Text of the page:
Sony’s been frighteningly non-committal regarding the launch timing of the PlayStation 4. While the platform holder flashed up the words ‘Holiday 2013’ during its big PlayStation Meeting press conference earlier in the year, it’s failed to really elaborate on the window since. “The precise details, as I say, for exact dates, exact regions, is it all or some of them? We don’t know,” SCEUK’s managing director Fergal Gara told Digital Spy in February.
Despite his ambiguous comments, the executive did confirm that the next generation console will release in at least one territory this year, which is almost certain to be North America. Microsoft’s dominance in the region during the course of this generation has left Sony playing catch-up in the crucial market, and that means that the platform holder will not risk gifting its biggest competitor an entire holiday season uncontested in the nation.
While we can’t be certain that the Xbox 360’s successor will release this holiday, we can certainly make some solid assumptions. Unlike the PlayStation maker, Microsoft has virtually nothing in the pipeline for its current generation console. There are still titles such as Grand Theft Auto V and Battlefield 4 poised to release on the system later this year, of course, but it seems that the attention of its first-party studios is now fully focused on fresh hardware. As such, it would certainly be a shock if the manufacturer failed to deploy the system later this year.
Furthermore, considering the company’s focus in the past, we can also assume that the next Xbox will release in North America first. However, it’s perhaps worth noting that Microsoft’s been fairly good with global launches in the past. While the original Xbox took four months to hit European shores, the Xbox 360 deployed in three major territories within a three week period. It’s not unreasonable to think that the firm could achieve something similar with the current generation console’s successor.
That must make Europe a key target for Sony, too. While the platform holder’s always commanded a strong presence across parts of the territory, the PS3’s launch some 15 months later than its chief competitor proved a massive risk for the brand’s dominance, and it completely squandered the system’s market share in the UK, where it’s been playing catch-up. It’s important that the PS4 doesn’t commit a similar error, and is a viable option alongside the next Xbox in both North America and Europe this holiday.
And that, of course, brings us to the elephant in the room: Japan. With each of the major PlayStation platforms to date, Sony has sided with tradition and launched its latest wares in its home nation first. With the PS4, it must avoid convention and apply some common sense instead. While it’s true that with a smattering of heavy hitters the Nintendo Wii U could yet prove a force in the region, it seems unlikely that Microsoft will ever make a mark in the territory. In addition, home consoles are just not as popular as handhelds in the east. As such, if the company finds itself forced to choose, the platform holder must favour the aforementioned western regions ahead of the land of the rising sun.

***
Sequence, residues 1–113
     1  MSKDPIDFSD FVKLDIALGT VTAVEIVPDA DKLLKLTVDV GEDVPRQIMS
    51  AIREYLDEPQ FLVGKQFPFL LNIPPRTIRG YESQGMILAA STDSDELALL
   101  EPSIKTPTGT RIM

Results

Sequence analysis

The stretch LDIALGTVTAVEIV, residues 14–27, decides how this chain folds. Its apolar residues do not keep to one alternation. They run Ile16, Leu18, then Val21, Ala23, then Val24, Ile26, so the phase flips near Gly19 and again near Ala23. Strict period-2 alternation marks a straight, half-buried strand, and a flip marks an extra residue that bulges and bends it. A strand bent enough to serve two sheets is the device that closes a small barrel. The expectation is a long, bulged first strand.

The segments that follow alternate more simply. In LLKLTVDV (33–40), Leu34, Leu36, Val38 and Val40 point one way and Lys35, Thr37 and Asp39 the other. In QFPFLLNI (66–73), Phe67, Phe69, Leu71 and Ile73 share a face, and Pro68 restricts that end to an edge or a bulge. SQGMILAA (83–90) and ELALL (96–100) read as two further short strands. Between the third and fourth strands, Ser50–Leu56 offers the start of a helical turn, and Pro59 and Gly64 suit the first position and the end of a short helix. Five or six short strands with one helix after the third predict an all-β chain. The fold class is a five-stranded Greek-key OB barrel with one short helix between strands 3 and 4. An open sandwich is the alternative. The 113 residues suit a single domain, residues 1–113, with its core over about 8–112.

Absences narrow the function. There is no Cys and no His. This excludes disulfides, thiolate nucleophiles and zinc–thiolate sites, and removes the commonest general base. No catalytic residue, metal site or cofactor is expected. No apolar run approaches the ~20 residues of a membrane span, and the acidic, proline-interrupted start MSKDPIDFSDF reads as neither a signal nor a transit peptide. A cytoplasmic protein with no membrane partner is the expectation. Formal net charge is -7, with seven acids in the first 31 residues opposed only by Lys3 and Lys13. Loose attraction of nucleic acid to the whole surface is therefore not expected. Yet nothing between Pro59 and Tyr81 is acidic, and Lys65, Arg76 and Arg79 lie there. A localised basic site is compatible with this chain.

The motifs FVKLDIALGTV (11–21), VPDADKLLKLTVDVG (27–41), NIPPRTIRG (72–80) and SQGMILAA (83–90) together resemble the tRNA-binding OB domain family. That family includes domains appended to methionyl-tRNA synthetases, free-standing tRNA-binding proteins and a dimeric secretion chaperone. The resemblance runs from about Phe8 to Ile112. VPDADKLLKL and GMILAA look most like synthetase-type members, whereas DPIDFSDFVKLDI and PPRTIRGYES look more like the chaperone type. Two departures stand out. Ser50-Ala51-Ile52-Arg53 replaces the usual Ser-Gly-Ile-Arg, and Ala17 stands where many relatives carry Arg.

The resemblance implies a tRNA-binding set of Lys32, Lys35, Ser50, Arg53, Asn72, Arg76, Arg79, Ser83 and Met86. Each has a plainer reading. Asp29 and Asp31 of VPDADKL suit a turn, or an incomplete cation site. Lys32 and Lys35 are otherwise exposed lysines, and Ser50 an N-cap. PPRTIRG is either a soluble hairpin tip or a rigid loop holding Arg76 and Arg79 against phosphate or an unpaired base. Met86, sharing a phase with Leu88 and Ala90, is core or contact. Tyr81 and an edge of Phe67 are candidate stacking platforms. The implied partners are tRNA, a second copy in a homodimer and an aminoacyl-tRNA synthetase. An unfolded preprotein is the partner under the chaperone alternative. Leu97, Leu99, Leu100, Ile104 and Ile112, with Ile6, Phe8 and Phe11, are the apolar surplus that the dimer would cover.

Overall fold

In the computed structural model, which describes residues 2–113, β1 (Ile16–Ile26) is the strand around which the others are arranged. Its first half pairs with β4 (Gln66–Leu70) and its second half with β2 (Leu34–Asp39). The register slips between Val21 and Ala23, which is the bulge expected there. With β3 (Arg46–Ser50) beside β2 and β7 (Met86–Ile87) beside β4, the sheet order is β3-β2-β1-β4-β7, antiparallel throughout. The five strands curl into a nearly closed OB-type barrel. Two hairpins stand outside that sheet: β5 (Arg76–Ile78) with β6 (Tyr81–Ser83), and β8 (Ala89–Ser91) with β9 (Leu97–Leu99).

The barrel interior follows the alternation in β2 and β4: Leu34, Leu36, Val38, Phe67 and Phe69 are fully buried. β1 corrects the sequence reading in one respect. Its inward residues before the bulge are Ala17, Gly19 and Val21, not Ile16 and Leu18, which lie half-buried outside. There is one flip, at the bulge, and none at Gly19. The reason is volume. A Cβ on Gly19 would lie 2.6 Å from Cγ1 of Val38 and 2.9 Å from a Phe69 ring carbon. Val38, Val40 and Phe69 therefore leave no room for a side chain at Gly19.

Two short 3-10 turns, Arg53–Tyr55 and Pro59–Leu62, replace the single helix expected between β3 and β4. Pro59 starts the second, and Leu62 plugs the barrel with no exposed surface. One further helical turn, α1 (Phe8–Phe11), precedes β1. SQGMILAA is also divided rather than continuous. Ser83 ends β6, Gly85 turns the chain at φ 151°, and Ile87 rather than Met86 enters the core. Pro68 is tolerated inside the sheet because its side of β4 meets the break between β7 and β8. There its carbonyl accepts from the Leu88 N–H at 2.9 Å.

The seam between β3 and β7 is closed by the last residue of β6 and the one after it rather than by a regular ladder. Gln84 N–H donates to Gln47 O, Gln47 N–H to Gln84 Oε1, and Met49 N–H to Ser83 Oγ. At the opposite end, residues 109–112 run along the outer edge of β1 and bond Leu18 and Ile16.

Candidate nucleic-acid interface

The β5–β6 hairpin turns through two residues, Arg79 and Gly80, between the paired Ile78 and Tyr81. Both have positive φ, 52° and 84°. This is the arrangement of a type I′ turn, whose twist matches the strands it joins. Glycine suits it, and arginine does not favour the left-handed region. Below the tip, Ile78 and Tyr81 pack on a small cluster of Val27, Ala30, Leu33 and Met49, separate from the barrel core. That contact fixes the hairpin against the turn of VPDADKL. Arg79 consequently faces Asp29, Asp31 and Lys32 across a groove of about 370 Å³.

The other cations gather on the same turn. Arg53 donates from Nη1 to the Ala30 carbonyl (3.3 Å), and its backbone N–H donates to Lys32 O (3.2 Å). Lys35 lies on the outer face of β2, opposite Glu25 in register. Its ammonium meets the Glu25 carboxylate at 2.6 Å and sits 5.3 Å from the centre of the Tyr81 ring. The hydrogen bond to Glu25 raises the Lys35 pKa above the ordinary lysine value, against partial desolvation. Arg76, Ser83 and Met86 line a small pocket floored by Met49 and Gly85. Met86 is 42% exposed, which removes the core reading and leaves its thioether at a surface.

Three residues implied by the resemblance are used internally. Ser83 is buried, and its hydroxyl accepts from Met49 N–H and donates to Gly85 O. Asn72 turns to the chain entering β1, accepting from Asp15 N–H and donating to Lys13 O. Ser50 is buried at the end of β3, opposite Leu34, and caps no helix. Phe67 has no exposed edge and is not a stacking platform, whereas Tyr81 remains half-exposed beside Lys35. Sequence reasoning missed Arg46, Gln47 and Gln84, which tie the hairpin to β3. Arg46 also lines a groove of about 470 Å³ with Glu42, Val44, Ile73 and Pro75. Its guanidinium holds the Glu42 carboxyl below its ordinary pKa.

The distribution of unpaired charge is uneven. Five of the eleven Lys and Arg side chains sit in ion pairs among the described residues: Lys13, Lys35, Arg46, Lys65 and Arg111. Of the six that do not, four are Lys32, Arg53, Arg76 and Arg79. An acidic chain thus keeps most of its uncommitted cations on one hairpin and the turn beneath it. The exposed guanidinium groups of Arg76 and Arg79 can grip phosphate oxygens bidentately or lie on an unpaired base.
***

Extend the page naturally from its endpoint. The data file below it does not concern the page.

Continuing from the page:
And there are other reasons for that beyond personal bias. Arguably the biggest mistake that Sony made with the PS3 was allowing Microsoft to gain a foothold in the market, be it through delays or high prices. Due to its swiftly established install base, the Xbox 360 quickly became the ‘default’ system for developers, press, and, perhaps pivotally, gaming cliques. With console ecosystems and online gaming becoming increasingly important, who wants to buy a system that none of their friends own?
Sony cannot allow the next Xbox to gain traction uncontested. It’s already proven that it’s willing to do right by developers and gamers, but if it’s unable to lock a good proportion of early adopters into the PlayStation Network ahead of Xbox Live, then it’ll find itself playing catch-up all over again. Not everyone will upgrade their console this Christmas, but the early adopters that do will trigger a snowball effect that will dictate the trajectory of the next generation. Sony needs to ensure that it’s at least a part of the conversation, and not sitting in the sidelines pandering to a Japanese audience that would much rather be playing on a Nintendo 3DS than a home console.
Of course, we still don’t really know what Microsoft’s got in store for the next generation, but from Sony’s perspective, we’re not sure that it matters all that much. The company’s already done the legwork with its own console, and now it must navigate the final hurdle. A successful global launch would be ideal, but if that’s out of the question, then North America and Europe must be priorities. It seems unlikely that the Xbox maker will simply surrender its dominance in its most successful territories. This time, though, Sony has a chance to put up a fight.
Do you think that Sony will ignore tradition in order to confront Microsoft head-on this holiday? What regions do you think are most important to the PS4’s success? Let us know in the comments section below.
Which region do you think that the PS4 will launch in first? (45 votes)
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